“This is about more than just entertaining young people; it has to do with depicting Gulf societies as thriving and creative hubs worthy of an expansive global audience.”
Did you know?
Millions of viewers tuned in to Arabic-language Twitch streams in 2020 during a record year for GCC gaming, new figures have revealed. More than 4.4 million fans watched thousands of channels across the UAE, Bahrain, Oman and Saudi Arabia, with figures spiking to 556,391 views in May. The video site, which allows users to broadcast their gameplay live to fans around the world, recorded a total of 252,850 active streams throughout the year from countries across the region. During March, Twitch streams in Arabic increased by 95.3 per cent year-on-year and 36.9 per cent compared to the previous month, while in April the yearly increase was 109.9 per cent. Following a slowing in viewers as #StayHome restrictions eased, the figures once again rose with 572,143 fans tuning in at the end of last year. The figures point to a gaming surge across the Middle East, with many of the top players coming from Saudi Arabia, the UAE and Bahrain. The MENA region has the world’s most active gaming community and, at 25 per cent year-on-year growth, the fastest growing online gaming population in the world.
Abu Dhabi getting in on the action
Time was if you told your parents you wanted to dedicate your career to video games they would have laughed you out the house. However, with the amounts of cash involved, now that move may seem a little outdated. Throw the might of Abu Dhabi’s government agencies into the argument and, these days, chances are your ma and pa will be signing you up themselves.
The recently launched Abu Dhabi Gaming (AD Gaming) collaboration is a new initiative pioneered by twofour54 Abu Dhabi, that aggregates the Emirate’s drive to build a thriving gaming and esports ecosystem.
Supported by Unity Technologies, Flash Entertainment, UAE Pro League, Emirates Esports Association and the Media Zone Authority, AD Gaming will provide a comprehensive support system for game developers, players, consumers, and businesses in the UAE capital. The initiative will champion the development of regional talent and bring a calendar of year-round gaming events to Abu Dhabi.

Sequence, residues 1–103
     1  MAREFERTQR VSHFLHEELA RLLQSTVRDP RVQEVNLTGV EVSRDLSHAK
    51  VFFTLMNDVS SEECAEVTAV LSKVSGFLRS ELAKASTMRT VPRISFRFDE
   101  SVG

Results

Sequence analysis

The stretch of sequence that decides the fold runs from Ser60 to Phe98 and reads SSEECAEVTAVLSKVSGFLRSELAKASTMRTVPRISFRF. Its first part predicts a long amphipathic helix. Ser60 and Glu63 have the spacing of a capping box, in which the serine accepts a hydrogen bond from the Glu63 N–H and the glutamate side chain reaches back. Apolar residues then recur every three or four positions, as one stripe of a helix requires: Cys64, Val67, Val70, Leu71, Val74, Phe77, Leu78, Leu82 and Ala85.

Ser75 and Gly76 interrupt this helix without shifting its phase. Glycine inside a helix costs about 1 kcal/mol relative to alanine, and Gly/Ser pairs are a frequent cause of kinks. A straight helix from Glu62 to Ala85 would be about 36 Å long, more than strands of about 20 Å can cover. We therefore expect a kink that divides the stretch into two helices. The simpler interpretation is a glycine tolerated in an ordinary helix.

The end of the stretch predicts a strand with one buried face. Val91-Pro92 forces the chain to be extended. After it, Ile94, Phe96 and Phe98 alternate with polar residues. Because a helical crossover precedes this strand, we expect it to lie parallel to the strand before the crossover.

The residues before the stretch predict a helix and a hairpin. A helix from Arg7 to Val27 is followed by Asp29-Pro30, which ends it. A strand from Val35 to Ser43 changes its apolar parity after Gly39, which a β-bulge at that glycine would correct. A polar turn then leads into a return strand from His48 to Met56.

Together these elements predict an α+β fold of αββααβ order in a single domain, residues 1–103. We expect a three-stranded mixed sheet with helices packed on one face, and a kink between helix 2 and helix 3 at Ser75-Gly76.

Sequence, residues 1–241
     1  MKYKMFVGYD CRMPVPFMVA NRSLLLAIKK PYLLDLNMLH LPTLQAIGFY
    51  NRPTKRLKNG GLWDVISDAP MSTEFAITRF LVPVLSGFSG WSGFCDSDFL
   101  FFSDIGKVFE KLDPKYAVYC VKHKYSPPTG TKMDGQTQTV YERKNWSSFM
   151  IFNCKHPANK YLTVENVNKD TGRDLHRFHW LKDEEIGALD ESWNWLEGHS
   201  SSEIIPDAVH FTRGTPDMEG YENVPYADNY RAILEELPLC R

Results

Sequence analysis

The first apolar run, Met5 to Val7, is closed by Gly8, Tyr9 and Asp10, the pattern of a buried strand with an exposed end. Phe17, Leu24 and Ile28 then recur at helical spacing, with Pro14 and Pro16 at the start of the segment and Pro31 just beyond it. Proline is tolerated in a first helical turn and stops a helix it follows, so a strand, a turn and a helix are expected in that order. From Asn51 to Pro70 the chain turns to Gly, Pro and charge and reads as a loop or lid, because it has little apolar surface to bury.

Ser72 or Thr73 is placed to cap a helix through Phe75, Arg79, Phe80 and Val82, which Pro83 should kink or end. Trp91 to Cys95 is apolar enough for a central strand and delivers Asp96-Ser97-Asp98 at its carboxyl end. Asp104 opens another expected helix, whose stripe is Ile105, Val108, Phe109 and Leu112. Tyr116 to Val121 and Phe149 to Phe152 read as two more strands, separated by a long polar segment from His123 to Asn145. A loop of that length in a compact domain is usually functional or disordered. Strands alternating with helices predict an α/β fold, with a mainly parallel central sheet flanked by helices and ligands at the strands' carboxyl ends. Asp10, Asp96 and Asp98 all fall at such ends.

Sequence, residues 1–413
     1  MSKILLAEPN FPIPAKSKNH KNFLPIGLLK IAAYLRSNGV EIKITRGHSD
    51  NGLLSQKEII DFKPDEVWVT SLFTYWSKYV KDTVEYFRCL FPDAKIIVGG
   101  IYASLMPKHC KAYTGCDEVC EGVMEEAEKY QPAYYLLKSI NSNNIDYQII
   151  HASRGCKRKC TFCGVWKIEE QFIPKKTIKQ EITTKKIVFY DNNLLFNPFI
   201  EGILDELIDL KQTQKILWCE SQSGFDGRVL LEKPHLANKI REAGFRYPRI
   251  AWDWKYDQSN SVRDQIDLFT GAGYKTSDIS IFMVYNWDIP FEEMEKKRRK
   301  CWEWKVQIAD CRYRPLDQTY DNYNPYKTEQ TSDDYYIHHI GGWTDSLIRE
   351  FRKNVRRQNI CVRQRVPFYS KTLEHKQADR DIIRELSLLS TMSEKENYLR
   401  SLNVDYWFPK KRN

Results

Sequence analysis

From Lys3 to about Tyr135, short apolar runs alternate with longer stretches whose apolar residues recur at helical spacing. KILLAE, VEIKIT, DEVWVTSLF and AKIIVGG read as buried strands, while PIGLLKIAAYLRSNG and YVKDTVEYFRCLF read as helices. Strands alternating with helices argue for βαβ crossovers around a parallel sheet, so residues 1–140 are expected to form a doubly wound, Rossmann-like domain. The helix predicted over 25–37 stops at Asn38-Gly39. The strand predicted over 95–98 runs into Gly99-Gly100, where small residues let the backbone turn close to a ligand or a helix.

Abu Dhabi’s media and entertainment hub, twofour54 will provide space within the Free Zone for all businesses that make use of the Media Zone Authority’s bespoke gaming, esports and virtual reality licenses, as well as subsidies for new partner companies. Flash Entertainment, UAE Pro League and Emirates Esports Association will provide a flexible infrastructure to grow the esports community and will lead to the growth of the esports community and support esports businesses in the region.
AD Gaming has also announced that 15 new gaming and esports businesses will be joining Yas Creative Hub when it opens in Q4 2021, including the Emirates Esports Association, Boss Bunny, Kashkool Games, Khousouf Games and RobocomVR amongst others. Yas Creative Hub will include a purpose-built Gaming Hub, operated in partnership with industry giant Unity Technologies, which will provide a physical home for the gaming industry in Abu Dhabi. On-the-ground support will be provided to start-ups and aspiring professionals through a range of talent development and business support programmes.
AD Gaming is also launching a one-stop-shop website (adgaming.ae) for the gaming community including an esports events calendar, a directory for game studios and companies that are based in Abu Dhabi. AD Gaming will also have a dedicated twitch channel which will showcase Abu Dhabi’s gaming talent. Welcome to the e-entertainment era!